Nobel Prize in Physics Awarded for Techniques to Produce Ultrashort Pulses of Light

Three scientists have received the prize for experimental work that allows researchers to probe the dynamics of electrons in atoms and molecules

October 3, 2023 — The Royal Swedish Academy of Sciences has awarded the 2023 Nobel Prize in Physics to Pierre Agostini, Ferenc Krausz, and Anne L’Huillier for “experimental methods that generate attosecond pulses of light for the study of electron dynamics in matter.”

“The American Physical Society congratulates the 2023 physics laureates for their pioneering discoveries that paved the way for attosecond physics,” said Jonathan Bagger, CEO of APS.

Nobel Prize in Physics 2023 winners Agostini Krausz lHuillier
Credit: Ill. Niklas Elmehed © Nobel Prize Outreach

The Nobel Committee for Physics has split the prize equally among the three laureates: Agostini of Ohio State University in the United States, Krausz of the Max Planck Institute of Quantum Optics and Ludwig Maximilian University of Munich in Germany, and L’Huillier of Lund University in Sweden. The three physicists developed techniques to produce extremely short pulses of light that can be used to probe the minute dynamics of electrons in atoms and molecules.

“The laureates’ achievements really get to the heart of what physics is about — understanding how the world works on extremely short time scales,” said Robert Rosner, president of APS. “It’s excellent experimental work that opened doors to new applications as well as furthered our fundamental understanding of matter.”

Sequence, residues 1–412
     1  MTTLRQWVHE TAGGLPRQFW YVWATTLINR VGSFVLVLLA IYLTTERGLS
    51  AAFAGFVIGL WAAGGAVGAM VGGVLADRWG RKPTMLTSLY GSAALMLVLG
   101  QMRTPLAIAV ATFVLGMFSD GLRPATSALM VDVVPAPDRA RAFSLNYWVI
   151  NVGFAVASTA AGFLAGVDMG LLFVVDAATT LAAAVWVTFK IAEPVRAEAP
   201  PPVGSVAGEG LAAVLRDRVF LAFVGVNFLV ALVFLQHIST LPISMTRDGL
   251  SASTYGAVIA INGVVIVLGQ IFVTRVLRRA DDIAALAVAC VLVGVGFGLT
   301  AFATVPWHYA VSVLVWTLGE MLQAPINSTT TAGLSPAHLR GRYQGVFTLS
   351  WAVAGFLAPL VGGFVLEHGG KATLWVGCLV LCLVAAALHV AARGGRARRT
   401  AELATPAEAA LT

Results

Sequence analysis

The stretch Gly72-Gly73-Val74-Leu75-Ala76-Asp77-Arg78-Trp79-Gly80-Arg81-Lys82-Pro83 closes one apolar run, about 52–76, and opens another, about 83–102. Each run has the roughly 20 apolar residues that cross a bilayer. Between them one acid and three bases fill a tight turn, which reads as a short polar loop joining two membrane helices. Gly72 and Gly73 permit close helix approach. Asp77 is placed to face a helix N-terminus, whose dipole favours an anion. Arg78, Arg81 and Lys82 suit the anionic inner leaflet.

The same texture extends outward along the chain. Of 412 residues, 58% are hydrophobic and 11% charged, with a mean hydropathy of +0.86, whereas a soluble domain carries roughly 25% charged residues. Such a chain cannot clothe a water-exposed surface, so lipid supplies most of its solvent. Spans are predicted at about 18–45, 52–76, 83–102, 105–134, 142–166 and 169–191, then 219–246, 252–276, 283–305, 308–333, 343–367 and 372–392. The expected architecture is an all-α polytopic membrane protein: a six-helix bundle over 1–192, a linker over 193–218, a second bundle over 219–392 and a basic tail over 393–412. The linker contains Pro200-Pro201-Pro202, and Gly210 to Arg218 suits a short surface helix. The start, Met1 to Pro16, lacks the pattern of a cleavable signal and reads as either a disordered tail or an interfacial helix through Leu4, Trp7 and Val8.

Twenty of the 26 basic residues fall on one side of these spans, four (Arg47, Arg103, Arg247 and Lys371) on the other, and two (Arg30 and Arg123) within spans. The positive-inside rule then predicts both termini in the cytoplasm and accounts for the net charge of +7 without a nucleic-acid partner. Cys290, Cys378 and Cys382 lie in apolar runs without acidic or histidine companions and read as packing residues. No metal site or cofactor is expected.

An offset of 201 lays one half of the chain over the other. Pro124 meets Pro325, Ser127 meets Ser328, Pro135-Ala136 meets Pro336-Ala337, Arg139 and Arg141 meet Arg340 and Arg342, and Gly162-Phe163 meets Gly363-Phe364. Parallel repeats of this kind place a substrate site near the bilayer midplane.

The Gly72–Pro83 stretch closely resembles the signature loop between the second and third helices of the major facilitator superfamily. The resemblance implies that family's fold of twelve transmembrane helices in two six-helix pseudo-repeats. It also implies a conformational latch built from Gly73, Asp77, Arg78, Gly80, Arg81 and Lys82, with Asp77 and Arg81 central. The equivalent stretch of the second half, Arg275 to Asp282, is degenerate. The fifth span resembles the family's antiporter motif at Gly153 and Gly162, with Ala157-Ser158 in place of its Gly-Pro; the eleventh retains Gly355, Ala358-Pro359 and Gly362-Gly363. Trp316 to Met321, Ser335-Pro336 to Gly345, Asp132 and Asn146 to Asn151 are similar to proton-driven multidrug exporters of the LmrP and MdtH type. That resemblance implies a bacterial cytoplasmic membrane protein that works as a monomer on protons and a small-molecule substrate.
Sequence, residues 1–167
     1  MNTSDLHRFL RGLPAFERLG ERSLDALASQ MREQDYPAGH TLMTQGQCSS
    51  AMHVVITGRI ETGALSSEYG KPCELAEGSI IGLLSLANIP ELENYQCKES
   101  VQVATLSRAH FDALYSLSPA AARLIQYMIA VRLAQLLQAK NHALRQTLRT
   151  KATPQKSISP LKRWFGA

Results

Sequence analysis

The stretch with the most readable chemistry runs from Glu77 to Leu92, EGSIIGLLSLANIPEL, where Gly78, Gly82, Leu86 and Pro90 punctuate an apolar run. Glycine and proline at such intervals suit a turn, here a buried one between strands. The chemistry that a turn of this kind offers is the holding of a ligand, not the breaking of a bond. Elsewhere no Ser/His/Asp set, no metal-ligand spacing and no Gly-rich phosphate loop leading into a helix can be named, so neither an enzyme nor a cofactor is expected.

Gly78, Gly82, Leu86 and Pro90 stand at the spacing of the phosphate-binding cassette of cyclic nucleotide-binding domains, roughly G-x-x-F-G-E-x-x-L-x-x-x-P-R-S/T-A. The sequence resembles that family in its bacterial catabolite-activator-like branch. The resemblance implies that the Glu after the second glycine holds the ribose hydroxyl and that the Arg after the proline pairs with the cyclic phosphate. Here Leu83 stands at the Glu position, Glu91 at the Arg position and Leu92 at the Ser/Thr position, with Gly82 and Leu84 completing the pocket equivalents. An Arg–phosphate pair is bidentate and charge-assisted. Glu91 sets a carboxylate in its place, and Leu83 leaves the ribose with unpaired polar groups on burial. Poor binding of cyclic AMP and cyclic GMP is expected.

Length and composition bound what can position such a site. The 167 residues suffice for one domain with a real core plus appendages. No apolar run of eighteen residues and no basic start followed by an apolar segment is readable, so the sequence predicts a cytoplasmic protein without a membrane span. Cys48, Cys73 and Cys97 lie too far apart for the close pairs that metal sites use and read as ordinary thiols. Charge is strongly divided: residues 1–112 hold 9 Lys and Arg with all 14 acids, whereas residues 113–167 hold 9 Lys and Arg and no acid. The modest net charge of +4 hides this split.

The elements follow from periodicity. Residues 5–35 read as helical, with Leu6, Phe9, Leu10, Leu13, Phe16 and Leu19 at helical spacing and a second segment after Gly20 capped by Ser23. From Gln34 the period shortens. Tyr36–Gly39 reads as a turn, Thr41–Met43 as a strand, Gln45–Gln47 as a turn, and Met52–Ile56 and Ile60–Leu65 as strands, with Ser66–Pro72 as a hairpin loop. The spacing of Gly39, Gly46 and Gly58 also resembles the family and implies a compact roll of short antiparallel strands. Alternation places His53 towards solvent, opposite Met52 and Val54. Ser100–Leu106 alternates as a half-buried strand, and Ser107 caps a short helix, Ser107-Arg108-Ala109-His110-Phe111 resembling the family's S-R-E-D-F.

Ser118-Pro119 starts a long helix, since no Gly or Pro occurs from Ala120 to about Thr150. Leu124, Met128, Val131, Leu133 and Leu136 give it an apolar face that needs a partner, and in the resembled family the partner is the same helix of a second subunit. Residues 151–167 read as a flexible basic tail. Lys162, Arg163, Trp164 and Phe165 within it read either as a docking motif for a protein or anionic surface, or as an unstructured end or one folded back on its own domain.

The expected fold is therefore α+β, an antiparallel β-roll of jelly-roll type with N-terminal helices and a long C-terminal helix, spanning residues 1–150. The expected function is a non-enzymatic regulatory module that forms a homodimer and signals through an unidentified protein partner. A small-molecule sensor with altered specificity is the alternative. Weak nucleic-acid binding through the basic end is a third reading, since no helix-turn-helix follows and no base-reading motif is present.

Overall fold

The behavior of electrons can change on short notice — as short as a few tenths of an attosecond. An attosecond is 1 x 10-18 second, or one billionth of a billionth of a second. The number of attoseconds in one second is roughly the same as the number of seconds since the start of the universe. Attosecond physics uses light pulses that last for as short as a few hundred attoseconds to study the interactions of light and matter on tiny scales.

The laureates’ contributions to techniques for producing attosecond light pulses have allowed researchers to examine ultrafast electron behaviors that couldn’t be studied before. In the future, attosecond physics could give rise to applications such as producing very fast electronics, by allowing a material to switch from being an insulator to a conductor extremely quickly, and detecting early signs of disease in a biological sample, by looking for changes in the sample at high time precision.

All three laureates have published work in APS’s Physical Review journals. L’Huillier is an APS member and an APS Fellow and has been recognized by APS’s Outstanding Referees program.

The Nobel Committee has cited five papers from Physical Review Letters and one paper from Physical Review A in the scientific background on the 2023 physics prize. This marks the 13th consecutive year that the Nobel Committee has cited laureates’ papers in the Physical Review journals as central to the physics or chemistry awards.

The Nobel Prize is often regarded as the highest honor in science. The prize includes 11 million Swedish kronor, about 1 million US dollars, that will be shared equally among the three recipients.

The following Physical Review Letters and Physical Review A articles, cited in the scientific background on the Nobel Prize in Physics 2023, are free to read:

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